Deciduous tree or shrub growing to 49 ft (15 m). Compound leaves, blue to white flowers with red stripes, and winged seed pods.
Habitat & Cultivation
Jamaica dogwood is native to the southern U.S., Central America, northern South America, and the Caribbean. It is grown mainly for its wood, which is used in boat-building. The root bark is stripped when the tree is felled.
Jamaica dogwood contains isoflavones, phytosterols, tannins, and organic acids. The isoflavones are antispasmodic.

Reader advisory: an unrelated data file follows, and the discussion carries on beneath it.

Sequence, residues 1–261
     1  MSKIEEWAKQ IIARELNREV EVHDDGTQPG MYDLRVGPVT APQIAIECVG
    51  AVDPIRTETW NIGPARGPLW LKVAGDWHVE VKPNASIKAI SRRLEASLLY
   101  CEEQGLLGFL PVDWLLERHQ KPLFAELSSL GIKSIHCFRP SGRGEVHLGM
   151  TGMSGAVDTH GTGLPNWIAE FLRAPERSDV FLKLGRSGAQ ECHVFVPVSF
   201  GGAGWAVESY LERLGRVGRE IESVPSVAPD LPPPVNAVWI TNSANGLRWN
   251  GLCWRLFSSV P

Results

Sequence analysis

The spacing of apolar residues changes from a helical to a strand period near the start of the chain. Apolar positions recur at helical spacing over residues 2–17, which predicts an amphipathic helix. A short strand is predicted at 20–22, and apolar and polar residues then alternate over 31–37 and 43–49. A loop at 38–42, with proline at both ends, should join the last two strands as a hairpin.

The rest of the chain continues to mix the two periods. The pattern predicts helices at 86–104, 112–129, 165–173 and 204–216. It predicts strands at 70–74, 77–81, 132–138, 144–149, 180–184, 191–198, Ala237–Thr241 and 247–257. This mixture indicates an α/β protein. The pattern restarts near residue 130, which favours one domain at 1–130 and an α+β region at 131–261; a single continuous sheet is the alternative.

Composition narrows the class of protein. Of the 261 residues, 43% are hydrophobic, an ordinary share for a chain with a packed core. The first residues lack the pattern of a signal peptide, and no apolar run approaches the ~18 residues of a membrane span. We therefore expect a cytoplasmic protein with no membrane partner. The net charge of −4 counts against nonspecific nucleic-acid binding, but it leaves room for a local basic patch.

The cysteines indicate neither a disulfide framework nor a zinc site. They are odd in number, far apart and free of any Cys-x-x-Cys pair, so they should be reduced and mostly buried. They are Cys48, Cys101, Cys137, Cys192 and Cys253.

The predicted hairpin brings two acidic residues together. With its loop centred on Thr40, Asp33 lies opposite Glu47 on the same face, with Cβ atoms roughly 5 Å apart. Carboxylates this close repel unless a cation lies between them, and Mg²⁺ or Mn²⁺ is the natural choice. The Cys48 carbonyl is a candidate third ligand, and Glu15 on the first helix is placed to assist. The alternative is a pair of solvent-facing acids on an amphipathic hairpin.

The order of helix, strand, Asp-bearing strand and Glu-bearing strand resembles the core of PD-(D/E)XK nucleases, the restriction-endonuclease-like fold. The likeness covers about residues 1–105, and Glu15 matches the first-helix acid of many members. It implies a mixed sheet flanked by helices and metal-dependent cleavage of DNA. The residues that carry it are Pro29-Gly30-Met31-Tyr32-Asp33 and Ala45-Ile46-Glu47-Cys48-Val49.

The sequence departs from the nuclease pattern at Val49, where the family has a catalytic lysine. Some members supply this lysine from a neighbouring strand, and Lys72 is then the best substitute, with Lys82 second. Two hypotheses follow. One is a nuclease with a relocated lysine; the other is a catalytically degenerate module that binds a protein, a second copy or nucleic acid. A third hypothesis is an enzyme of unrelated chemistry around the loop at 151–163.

History & Folklore
The pounded bark and twigs have been used by Native Caribs and Afro-Caribbeans to stupefy fish.
Medicinal Actions & Uses
Jamaica dogwood is a useful and undervalued remedy that acts both as a sedative and as a painkiller. It is chiefly employed in the treatment of insomnia and over excitability, as it calms mental activity. It is also prescribed for nerve pain, toothache, and period pain. As an antispasmodic, it is useful for treating muscle spasms, especially in the back, and spasmodic respiratory ailments such as asthma and whooping cough.
Do not take Jamaica dogwood during pregnancy or if you are suffering from heart problems.